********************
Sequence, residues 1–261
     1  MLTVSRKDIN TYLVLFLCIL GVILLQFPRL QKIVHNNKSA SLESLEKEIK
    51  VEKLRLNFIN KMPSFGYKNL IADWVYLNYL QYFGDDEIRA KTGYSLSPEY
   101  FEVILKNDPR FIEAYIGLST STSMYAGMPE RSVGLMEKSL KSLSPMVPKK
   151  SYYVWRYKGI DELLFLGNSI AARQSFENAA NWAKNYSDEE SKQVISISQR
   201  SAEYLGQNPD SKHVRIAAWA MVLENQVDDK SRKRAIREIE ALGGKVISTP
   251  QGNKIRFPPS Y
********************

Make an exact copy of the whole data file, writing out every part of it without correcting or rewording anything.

Sequence, residues 1–261
     1  MLTVSRKDIN TYLVLFLCIL GVILLQFPRL QKIVHNNKSA SLESLEKEIK
    51  VEKLRLNFIN KMPSFGYKNL IADWVYLNYL QYFGDDEIRA KTGYSLSPEY
   101  FEVILKNDPR FIEAYIGLST STSMYAGMPE RSVGLMEKSL KSLSPMVPKK
   151  SYYVWRYKGI DELLFLGNSI AARQSFENAA NWAKNYSDEE SKQVISISQR
   201  SAEYLGQNPD SKHVRIAAWA MVLENQVDDK SRKRAIREIE ALGGKVISTP
   251  QGNKIRFPPS Y